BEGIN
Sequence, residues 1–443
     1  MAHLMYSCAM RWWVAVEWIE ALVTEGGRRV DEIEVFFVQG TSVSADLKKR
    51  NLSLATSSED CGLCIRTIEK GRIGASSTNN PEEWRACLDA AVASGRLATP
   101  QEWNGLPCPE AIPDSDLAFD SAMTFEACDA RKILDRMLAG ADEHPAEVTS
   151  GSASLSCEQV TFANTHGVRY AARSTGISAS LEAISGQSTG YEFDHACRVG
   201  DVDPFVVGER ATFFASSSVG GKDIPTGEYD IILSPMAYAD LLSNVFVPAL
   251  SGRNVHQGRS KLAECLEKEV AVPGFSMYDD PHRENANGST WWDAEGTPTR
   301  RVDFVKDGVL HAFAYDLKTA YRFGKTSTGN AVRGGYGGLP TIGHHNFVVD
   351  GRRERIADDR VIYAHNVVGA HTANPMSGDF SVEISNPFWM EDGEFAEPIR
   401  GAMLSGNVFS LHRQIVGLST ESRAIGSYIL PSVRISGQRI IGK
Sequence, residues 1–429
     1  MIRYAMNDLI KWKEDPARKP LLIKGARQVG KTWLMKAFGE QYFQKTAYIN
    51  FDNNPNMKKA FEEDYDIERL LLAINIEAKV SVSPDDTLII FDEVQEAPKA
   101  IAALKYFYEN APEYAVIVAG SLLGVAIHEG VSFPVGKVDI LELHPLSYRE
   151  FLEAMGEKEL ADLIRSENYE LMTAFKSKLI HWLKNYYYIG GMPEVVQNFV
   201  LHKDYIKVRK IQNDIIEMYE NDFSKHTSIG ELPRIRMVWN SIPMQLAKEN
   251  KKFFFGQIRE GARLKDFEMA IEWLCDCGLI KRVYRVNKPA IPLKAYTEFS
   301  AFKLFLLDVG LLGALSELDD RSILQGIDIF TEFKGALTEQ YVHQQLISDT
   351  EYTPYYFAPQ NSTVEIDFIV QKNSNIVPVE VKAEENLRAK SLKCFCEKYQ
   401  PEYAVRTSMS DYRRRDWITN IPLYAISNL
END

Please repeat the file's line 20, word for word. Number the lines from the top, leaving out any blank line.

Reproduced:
   401  PEYAVRTSMS DYRRRDWITN IPLYAISNL